Since the Industrial revelation the nuclear family has been recognised as the norm of British society, but did it exist before within the extended family

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Since the Industrial revelation the nuclear family has been recognised as the norm of British society, but did it exist before within the extended family?

The pre- industrial family was said to be an extended family consisting of three generations, the children, parents and the grandparents. The family would all work together in the farms to help provide for the entire families needs, children as young a 5 or 6 would have been found work to do. However this was until the Industrial revolution when factories become the main source of work and development. The pre-industrial societies were largely based on extended kinship networks; land and other resources were commonly owned by a range of relatives that extended well beyond the unit of the nuclear family. It was very common for families to work alongside their cousins and even live with them. This extended family was responsible for the production of the shelter, food and clothing for the family. Roles in the family were usually ascribed to the offspring rather than being achieved. These roles would hardly ever be rejected and in return for this commitment, the extended network would perform other functions for the members. The family gave its members the skills and the education in which to take their place in the family division of labour. The family functioned to maintain health for its members, as there was no universal health care, they also provided welfare; those in the family who would make it to old age would have been cared for in exchange for childcare services.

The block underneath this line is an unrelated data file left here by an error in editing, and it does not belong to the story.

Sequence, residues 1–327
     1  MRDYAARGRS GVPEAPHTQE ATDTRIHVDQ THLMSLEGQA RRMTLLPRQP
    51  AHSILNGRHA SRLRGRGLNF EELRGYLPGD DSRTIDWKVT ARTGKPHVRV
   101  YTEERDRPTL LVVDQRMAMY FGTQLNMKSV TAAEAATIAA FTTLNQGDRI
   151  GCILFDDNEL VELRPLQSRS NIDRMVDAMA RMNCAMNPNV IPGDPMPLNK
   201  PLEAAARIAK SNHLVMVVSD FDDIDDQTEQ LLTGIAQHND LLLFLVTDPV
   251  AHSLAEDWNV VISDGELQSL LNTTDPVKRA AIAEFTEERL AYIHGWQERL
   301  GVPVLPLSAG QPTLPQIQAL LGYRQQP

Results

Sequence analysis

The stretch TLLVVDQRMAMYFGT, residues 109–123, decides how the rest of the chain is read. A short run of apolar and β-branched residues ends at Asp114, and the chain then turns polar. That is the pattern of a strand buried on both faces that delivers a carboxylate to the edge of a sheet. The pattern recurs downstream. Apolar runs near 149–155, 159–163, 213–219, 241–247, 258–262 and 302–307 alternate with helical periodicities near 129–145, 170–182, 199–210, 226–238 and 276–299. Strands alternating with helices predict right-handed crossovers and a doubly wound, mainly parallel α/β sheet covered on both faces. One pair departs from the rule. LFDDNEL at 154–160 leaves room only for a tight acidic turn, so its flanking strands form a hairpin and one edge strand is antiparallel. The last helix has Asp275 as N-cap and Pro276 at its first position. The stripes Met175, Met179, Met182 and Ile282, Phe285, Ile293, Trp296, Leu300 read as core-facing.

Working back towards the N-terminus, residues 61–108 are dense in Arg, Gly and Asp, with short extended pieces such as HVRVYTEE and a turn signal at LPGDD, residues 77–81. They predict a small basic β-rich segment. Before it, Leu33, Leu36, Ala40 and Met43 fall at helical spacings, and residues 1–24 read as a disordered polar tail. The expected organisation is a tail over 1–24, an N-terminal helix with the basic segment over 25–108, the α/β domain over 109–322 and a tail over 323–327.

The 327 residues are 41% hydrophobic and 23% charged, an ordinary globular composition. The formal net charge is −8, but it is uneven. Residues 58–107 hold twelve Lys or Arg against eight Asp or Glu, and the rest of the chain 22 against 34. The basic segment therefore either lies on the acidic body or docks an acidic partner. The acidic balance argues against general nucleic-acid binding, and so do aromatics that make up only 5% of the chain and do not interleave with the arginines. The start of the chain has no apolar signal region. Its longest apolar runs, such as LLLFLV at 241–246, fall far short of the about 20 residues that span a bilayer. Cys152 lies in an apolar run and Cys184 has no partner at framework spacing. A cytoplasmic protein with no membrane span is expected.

Then came the industrial revolution. Parsons believed that the industrial revolution brought about the dramatic change from the extended family to the nuclear and three fundamental changes to society.

Industrialisation brought the geographically mobile workforce and no longer was the ascription of jobs important, instead achievement became the main and most important method once education had been introduced. Parsons believed that the separation of extended families caused nuclear families to be formed in order to take advantage of the new job opportunities that had been brought about. He also argued that the second fundamental change to the family was that they no longer needed to produce their own materials and food as specialised agencies gradually took over and the home and workplace became separate as people became wage earners. The state eventually took over the functions of education, health and welfare and so consequently the nuclear family was able to specialise in child centred functions like socialisation. Thirdly Parson also argued that the new nuclear unit provided the husband and wife with very cleaver social roles. The man was the “instrumental leader”, who was responsible for the economic welfare of the family group, and goes out and earns money, while the female was seen as the “expressive leader”, primarily responsible for the socialisation of the children and the emotional care and support of family members. Parsons concluded that only the nuclear family could effectively provide the achievement-orientation and geographically mobile workforce required by modern societies and that there is a functional fit between the extended family and pre-industrial Britain (having to grow food for family etc.) and the nuclear family in industrial Britain.

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However there were many criticisms of Parsons view. Historians suggested Parsons to be far too simplistic in his interpretation of the historic family. They point out evidence that suggests industrialisation may have followed different patterns in different industrial societies. The study of English parish records shows that only 10% of households in pre-industrial Britain contained extended kin, so most families may have been nuclear and not extended as Parsons claimed. Young and Wilmot take issue with Parsons over the speed of change and they believe that the movement towards the nuclear was not as sudden as he had claimed but ...

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